ByDeacon Tyler, writer at Creators.co

Frank Castle never expected to live forever, or even until next week. He held no illusions about retirement, or riding into the sunset. Vigilantes didn’t meet their ends peacefully, surrounded by family and loved ones. It was always going to be Bullseye, or Kingpin or Bushwacker that stopped aiming for the bulletproof skull on his chest and instead aimed for the unprotected skull on his shoulders.

Frank was staring down the wrong side of sixty, with joints made of ground glass and a body hewn from scar tissue. He began dying his hair ten years ago not out of vanity, but because criminals weren’t afraid of grey haired old men. The coal black hair and cobalt blue eyes showed suggested vitality and danger.

He was The Punisher and today, he was going to die.

In a world of spider men and planet eating gods, the life expectancy of an old man with a gun was decidedly short. His longevity up until now was either a miracle of God, or His idea of a cruel joke. He decided on the latter and today was the punch line.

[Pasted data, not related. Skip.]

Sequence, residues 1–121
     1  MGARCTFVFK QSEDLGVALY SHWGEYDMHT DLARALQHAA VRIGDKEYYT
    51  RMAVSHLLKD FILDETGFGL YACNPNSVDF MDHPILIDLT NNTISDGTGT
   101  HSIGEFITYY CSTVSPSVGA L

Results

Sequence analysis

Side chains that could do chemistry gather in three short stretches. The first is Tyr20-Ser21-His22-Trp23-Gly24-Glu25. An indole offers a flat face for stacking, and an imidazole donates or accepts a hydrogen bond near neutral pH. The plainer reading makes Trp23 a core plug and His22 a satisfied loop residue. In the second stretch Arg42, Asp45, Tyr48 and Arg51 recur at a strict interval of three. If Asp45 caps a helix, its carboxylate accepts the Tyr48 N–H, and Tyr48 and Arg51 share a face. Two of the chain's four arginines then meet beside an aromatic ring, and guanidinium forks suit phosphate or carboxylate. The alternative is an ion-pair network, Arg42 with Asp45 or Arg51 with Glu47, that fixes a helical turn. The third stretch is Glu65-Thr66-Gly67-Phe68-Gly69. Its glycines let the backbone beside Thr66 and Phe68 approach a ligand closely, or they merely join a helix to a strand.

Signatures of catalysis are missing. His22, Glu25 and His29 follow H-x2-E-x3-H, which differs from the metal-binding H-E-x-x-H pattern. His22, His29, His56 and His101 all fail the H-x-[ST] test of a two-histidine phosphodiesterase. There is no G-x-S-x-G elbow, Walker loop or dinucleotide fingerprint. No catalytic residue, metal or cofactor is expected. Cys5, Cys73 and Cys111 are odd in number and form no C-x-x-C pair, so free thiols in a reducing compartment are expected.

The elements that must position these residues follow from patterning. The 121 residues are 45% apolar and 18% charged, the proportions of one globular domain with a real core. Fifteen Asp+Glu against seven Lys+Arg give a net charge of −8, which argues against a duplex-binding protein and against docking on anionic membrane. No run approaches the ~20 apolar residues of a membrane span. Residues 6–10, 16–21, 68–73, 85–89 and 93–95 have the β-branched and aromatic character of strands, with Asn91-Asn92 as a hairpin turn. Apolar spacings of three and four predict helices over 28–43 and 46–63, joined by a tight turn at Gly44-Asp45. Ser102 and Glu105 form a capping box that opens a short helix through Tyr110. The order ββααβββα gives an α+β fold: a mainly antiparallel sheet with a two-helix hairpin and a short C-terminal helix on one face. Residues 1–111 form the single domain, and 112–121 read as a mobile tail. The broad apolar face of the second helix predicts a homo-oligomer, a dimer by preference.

For the past two days, Frank had been living in the type of Hoboken motel that only accepted cash and rented rooms by the hour to anxious middle aged men and sad girls with hollow eyes and too much makeup. An Internet sex offender registry map would light up like a Christmas tree at Inn America Budget Motel.

The previous tenant of Frank’s room was a salesman, but not the type that went door to door selling Hoovers and Avon. He was the type selling plastic baggies filled with crystal meth. When he disappeared after a ‘meeting’ with Frank, the only people missing him were the same sallow girls and middle aged men that passed Frank’s window each morning.

The Inn America Budget Motel formed a vicious cycle that Frank was going to end. Labs on the third floor cooked meth that was sold by pushers to hookers, pimps and perverts. If the cycle began and ended there, it would have been beneath Frank’s notice. He’d always been of a mind to let fools remove themselves from the population and never no mind by he.